Typically, the most common scenario tends to involve bands hiring a music PR firm and a national radio plugger. Regardless of the size or make-up of your team, however, it’s vital to have really good people on board; music promo services cost money and the music industry is intensely competitive – pick the wrong team and you will end up 1) throwing cash down the loo and 2) not getting anywhere. So how do you pick the right people?

1. Identify your niche, and look for people who work in that area

There are a lot of PR companies and radio pluggers out there – but some will be a better or more natural ‘match’ for your project. If you make easy-listening jazz, it stands to reason that hiring somebody who works chiefly in the area of death metal PR is not the smartest move (and vice-versa). Before you hire anyone to do anything with your music, try to define what kind of genre you are operating in and do some research into companies and individuals who specialise in that genre.

2. Be cautious of companies that say ‘yes’ to every project

Delivering a serious PR or radio campaign involves a LOT of work: identifying press angles, writing press releases, selecting the correct targets, pitching, repeated chasing and reporting on progress. There is only so much time in the day, only so many people in the office (or in the case of freelancers, just one person in the office…), so if the company you are approaching seems to be one that says ‘yes’ to every project or has a huge client roster without the team to adequately service it, tread cautiously. Always ask a few probing questions about

  • why the company particularly want to work on your project
  • what else they’ve got on at the moment
  • if they can genuinely fit your project in.

3. Beware of outlandish claims

Musicians are probably the biggest dreamers out there. This isn’t necessarily a bad thing, as ambition is a pre-requisite to success, but unfortunately there are a bunch of snake oil salesmen about, all too ready to guarantee fame and fortune to these dreaming musicians…for a price, of course. Success in music is attainable but it is very difficult to achieve, and you need to be working with people who understand that alongside talent, graft is the key to this success. It is far better to work with a PR or plugger who gives you a realistic set of targets and outcomes rather than one who promises stardom without giving any hint at how he or she will deliver it. As the old saying goes, if something sounds too good to be true, that’s because it usually is.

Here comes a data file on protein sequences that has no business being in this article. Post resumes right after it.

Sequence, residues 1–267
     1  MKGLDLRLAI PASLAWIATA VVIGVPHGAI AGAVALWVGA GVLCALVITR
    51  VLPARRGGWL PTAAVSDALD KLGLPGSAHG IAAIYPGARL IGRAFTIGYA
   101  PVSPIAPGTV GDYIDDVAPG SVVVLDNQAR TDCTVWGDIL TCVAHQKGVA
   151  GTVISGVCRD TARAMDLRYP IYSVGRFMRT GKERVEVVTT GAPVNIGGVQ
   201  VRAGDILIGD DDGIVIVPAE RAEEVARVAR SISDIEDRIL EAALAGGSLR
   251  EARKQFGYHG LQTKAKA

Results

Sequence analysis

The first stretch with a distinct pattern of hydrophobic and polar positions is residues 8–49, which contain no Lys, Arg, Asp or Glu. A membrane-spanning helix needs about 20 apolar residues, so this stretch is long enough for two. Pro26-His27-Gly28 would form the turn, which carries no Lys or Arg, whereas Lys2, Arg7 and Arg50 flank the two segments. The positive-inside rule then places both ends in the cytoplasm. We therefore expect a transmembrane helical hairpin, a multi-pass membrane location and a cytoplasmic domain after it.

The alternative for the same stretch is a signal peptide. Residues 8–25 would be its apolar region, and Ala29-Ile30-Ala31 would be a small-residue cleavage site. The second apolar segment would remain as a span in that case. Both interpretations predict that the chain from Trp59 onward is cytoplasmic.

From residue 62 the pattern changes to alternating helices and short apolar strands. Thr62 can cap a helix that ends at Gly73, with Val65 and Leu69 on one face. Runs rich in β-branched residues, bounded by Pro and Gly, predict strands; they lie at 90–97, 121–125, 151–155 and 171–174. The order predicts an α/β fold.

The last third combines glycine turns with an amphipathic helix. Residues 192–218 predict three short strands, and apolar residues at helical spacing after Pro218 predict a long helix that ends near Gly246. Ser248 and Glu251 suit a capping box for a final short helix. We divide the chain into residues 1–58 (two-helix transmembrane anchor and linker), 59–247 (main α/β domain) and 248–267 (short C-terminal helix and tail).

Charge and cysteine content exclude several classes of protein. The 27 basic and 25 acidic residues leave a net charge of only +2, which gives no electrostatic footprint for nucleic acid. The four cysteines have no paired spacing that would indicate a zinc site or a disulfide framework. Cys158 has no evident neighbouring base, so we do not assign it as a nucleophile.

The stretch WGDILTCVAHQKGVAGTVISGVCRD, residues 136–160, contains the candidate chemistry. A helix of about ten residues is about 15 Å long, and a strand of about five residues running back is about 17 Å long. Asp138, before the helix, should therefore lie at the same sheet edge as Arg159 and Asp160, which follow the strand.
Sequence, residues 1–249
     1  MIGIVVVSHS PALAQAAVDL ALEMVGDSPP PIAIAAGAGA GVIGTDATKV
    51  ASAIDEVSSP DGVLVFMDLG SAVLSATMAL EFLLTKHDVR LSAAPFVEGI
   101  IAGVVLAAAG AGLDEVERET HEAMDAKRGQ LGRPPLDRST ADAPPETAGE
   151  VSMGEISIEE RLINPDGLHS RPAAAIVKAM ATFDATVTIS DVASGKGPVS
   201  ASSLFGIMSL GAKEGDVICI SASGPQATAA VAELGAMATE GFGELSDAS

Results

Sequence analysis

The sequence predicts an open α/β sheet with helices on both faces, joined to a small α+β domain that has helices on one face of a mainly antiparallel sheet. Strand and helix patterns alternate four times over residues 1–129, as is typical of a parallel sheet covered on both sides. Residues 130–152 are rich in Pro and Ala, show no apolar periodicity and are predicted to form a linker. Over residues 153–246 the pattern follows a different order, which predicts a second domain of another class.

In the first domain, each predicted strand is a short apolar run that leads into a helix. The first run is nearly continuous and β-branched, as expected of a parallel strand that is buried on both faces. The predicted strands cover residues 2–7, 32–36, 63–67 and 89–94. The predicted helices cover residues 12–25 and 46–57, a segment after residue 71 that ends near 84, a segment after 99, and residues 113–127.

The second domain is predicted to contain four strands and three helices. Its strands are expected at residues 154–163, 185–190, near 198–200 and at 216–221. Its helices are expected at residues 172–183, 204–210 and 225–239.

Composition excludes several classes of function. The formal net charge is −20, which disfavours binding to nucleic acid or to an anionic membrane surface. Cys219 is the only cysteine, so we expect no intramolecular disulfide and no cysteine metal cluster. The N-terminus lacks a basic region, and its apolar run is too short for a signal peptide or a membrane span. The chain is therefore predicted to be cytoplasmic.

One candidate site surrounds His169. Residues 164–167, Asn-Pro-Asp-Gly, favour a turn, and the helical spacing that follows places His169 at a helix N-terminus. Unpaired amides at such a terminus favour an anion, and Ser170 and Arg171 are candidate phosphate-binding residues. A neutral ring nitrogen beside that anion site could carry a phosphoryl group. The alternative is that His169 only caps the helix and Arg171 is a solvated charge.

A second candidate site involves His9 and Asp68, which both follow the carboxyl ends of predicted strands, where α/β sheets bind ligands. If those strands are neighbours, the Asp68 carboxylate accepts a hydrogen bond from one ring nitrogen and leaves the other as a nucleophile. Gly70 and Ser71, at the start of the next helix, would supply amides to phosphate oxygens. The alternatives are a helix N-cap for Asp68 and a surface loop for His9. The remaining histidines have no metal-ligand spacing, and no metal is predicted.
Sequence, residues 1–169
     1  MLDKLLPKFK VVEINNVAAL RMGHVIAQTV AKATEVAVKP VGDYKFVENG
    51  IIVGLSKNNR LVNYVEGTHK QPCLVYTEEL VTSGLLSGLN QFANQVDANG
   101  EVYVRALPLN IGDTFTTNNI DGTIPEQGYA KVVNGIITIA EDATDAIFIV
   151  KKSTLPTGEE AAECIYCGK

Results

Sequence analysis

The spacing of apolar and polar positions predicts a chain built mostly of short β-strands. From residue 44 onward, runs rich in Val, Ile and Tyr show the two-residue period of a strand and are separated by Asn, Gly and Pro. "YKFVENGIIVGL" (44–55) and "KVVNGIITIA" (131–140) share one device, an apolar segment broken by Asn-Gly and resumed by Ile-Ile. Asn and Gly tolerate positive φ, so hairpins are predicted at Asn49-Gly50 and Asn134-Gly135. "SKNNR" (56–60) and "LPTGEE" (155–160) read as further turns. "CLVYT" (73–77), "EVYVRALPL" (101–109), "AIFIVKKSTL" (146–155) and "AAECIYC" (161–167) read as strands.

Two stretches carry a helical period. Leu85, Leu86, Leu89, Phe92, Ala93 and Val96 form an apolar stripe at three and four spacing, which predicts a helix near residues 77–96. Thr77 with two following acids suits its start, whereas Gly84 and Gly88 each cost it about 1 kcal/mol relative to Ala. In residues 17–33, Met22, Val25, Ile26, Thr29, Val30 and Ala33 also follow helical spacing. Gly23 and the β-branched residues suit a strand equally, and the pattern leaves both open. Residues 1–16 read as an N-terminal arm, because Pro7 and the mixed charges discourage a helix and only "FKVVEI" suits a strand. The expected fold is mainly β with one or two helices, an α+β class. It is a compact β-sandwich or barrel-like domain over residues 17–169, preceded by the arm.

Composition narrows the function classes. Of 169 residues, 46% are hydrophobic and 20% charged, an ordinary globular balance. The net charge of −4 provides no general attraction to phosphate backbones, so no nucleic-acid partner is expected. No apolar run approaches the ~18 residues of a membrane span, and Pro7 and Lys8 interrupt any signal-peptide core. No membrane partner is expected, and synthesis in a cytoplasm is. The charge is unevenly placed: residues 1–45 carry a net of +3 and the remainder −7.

4. Shop around

It’s a good idea to approach several companies / individuals with your project and ask them to pitch for your business – by averaging out the quotes you will get a sense of how much you should be expecting to pay, and by examining the quality of the pitches and the kind of media targets each company lists in their proposals, you’ll be able to get a sense of which company or freelancer is likely to do the best job.

5. Check for rapport…

As mentioned above, don’t be afraid to ask a lot of questions about how a company would potentially handle your project. This will allow you to get a sense of

  • how professional an outfit is
  • how good their relationships with media contacts are
  • their understanding of how your music could fit into the media landscape.

But crucially it will help you get a sense of the kind of personality / personalities you will be dealing with at the company, because it’s crucial to be working with people that you know you can trust and whom you will have a good rapport with throughout a campaign.

6. …and check for reports

Ensure that anyone you are thinking of working with commits to regular communication and written reports outlining who’s been approached, when, and what the reaction to date is. Nail everybody down to a robust reporting schedule. If somebody seems reluctant to commit to serious reporting, that should ring alarm bells.

7. Work with people who actually like your music

Music promotion is a business; profits need to be made and bills need to be paid. This inevitably leads to people taking on music projects even though they don’t actually like the music in question. If you’re working with a professional outfit whom you are certain will do their utmost on a project regardless of their opinion on it, then that’s okay; but in an ideal world, you want to be working with people who love your project and want to work on it because of that love for it. Passion breeds good results.

Good luck with your quest to find decent people for your project – and of course, don’t forget to put us on your list of music PR companies to check out. We look forward to all the probing questions…